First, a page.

The challenge was to improvise a block. I believe the idea was to do something modern with bright squares on white and I like some of those and eventually did one -- sort of -- but was not at all happy about it as a block. What I did first was this one which doesn't look improvised at all. But it was.
I started with four 5x5 charm squares, all batiks, two were blue with purple in them -- they were different batiks but the colors were the same intensity -- the other two were pink with purple and a pinky-apricot. I sewed them together and then I cut off half of each of two sides, switched them to the other side and sewed them together and then I did the same with the two sides I had not cut. So I then had a different block which I then cut diagonally corner to corner each way so I had four pieces. I switched them around and sewed them back together. Then I cut the four corners from middle seam to middle seam and switched them and sewed them back together. That produced the inner block. If I had done some different switching it would look a bit different.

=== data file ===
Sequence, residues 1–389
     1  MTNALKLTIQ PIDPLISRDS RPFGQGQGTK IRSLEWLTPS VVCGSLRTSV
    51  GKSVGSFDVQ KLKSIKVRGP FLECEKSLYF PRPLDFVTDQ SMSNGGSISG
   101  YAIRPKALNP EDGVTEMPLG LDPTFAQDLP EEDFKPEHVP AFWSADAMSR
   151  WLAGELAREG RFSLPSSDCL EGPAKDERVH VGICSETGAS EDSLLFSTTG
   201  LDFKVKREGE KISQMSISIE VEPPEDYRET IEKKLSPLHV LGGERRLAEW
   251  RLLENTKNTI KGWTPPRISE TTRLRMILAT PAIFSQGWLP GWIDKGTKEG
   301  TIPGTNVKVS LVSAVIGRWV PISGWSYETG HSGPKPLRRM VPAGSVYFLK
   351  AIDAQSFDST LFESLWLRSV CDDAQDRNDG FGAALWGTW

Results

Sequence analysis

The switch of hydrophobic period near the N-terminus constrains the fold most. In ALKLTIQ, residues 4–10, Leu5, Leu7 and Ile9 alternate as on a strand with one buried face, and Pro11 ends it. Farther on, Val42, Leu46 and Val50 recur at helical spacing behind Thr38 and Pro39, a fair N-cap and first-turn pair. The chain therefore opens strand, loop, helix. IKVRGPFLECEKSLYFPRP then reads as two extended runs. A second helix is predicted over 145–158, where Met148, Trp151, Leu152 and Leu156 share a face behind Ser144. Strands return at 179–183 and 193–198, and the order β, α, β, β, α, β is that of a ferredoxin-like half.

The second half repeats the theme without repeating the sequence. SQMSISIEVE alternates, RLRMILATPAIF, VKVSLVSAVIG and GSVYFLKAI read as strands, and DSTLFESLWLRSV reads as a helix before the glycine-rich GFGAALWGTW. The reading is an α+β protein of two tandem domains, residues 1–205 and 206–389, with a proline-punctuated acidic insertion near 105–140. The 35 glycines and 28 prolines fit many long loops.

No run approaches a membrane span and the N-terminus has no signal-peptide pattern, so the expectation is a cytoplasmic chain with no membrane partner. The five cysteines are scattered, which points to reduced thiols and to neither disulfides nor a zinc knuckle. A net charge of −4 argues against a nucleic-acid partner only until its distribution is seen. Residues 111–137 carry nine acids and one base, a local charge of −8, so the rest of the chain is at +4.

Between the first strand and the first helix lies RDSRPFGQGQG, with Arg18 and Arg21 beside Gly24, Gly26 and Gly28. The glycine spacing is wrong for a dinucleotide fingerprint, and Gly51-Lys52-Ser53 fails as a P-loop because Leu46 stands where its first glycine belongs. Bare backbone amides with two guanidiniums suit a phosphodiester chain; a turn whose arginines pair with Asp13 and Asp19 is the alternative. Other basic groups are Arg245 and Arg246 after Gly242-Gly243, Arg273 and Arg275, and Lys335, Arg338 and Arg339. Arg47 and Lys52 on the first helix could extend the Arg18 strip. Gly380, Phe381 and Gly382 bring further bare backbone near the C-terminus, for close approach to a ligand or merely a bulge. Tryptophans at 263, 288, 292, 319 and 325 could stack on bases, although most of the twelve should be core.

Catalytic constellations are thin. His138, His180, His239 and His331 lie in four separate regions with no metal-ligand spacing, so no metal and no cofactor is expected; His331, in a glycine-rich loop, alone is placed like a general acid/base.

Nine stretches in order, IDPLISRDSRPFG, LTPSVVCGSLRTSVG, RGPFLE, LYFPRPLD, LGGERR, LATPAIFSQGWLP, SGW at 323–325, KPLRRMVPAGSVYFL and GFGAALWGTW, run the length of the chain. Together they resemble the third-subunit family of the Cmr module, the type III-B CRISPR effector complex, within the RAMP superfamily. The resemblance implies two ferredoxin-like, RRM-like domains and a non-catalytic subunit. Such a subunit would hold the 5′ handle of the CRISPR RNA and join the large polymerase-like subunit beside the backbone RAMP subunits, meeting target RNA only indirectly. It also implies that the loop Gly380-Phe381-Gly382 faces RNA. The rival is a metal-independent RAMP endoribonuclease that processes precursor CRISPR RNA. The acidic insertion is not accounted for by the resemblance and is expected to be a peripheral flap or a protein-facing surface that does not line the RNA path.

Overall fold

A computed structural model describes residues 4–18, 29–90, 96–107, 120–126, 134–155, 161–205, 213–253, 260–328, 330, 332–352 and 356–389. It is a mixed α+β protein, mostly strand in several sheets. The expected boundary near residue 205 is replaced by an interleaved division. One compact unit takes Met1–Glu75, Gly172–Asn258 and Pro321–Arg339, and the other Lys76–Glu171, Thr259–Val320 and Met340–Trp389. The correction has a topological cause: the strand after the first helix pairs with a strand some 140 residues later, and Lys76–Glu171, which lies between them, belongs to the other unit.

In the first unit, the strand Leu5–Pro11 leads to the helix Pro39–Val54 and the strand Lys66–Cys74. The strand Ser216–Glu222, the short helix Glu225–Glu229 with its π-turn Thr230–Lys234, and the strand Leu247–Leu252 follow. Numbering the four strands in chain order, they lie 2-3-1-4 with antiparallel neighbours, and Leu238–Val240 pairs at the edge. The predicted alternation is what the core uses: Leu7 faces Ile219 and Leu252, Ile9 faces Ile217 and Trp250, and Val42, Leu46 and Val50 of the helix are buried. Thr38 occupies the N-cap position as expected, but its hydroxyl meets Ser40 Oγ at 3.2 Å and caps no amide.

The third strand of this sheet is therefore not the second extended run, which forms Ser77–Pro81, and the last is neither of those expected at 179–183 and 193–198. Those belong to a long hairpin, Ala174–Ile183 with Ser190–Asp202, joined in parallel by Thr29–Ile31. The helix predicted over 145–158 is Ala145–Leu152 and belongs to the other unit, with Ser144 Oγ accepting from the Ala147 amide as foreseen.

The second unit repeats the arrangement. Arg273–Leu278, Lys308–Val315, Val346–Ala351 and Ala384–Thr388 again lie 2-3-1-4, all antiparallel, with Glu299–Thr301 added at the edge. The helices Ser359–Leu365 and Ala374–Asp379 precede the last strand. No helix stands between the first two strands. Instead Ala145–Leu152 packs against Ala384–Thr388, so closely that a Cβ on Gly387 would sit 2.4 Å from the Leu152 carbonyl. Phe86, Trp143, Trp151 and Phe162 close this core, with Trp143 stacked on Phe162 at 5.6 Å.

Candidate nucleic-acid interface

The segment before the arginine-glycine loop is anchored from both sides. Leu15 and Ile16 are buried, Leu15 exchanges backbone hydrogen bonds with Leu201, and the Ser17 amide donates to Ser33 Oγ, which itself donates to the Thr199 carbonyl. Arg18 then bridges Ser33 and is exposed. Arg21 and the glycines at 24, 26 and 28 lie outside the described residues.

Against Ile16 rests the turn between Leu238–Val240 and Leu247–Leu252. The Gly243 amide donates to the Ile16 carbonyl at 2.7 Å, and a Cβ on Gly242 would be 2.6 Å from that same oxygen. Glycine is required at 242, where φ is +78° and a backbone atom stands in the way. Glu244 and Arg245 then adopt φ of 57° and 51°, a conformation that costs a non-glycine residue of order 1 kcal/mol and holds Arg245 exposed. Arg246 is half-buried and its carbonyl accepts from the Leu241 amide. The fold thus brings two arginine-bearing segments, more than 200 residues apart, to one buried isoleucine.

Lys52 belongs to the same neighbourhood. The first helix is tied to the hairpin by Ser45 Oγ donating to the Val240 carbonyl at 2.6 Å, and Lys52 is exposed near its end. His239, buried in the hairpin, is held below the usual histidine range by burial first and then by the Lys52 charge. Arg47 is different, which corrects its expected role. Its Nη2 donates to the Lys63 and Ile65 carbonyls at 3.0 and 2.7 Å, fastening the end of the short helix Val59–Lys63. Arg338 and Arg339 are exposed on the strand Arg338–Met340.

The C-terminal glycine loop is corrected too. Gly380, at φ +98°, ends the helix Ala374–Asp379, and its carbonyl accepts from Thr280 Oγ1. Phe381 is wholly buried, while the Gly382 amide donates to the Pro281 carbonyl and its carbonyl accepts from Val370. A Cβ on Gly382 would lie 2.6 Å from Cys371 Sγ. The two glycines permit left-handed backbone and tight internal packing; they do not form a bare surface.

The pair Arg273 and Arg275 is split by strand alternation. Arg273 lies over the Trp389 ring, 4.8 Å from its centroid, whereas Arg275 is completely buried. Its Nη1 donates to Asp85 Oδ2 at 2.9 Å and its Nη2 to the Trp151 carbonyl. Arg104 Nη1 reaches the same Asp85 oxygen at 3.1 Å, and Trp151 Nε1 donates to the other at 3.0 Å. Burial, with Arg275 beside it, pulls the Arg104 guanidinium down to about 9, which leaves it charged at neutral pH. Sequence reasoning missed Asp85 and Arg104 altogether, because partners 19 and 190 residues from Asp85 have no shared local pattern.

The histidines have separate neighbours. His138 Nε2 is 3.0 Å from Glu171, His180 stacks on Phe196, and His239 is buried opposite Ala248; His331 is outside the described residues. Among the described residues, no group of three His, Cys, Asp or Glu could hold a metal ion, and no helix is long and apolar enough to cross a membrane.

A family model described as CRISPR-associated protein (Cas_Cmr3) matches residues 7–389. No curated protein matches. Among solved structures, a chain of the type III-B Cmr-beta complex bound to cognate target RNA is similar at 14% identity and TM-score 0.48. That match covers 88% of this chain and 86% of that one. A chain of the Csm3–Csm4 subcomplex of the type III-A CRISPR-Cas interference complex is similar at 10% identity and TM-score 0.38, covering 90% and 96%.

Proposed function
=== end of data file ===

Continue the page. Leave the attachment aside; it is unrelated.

By then the 9-1/2x9/12 inch block that resulted from sewing the original four charms together had shrunk to 7x7 and I needed a 10x10 inch block, so I added the border which is a third blue batik.
This was fun, a little bit labor intensive, but then isn't all quilting somewhere between a little and very, very labor intensive? Last spring I purchased several packages of batik charms about 120 total and all different. I have a stash of batiks collected for a few years so I could make a complete quilt as I made this block, it would be one of those multicolored creations that really fascinate me. I also like projects where I can do a block or two a sewing session over a longish period of time until I accumulate enough for a quilt. I think I have just talked myself into making a quilt constructed in this way using only those batiks. Check back in 12 of 18 months for a progress report.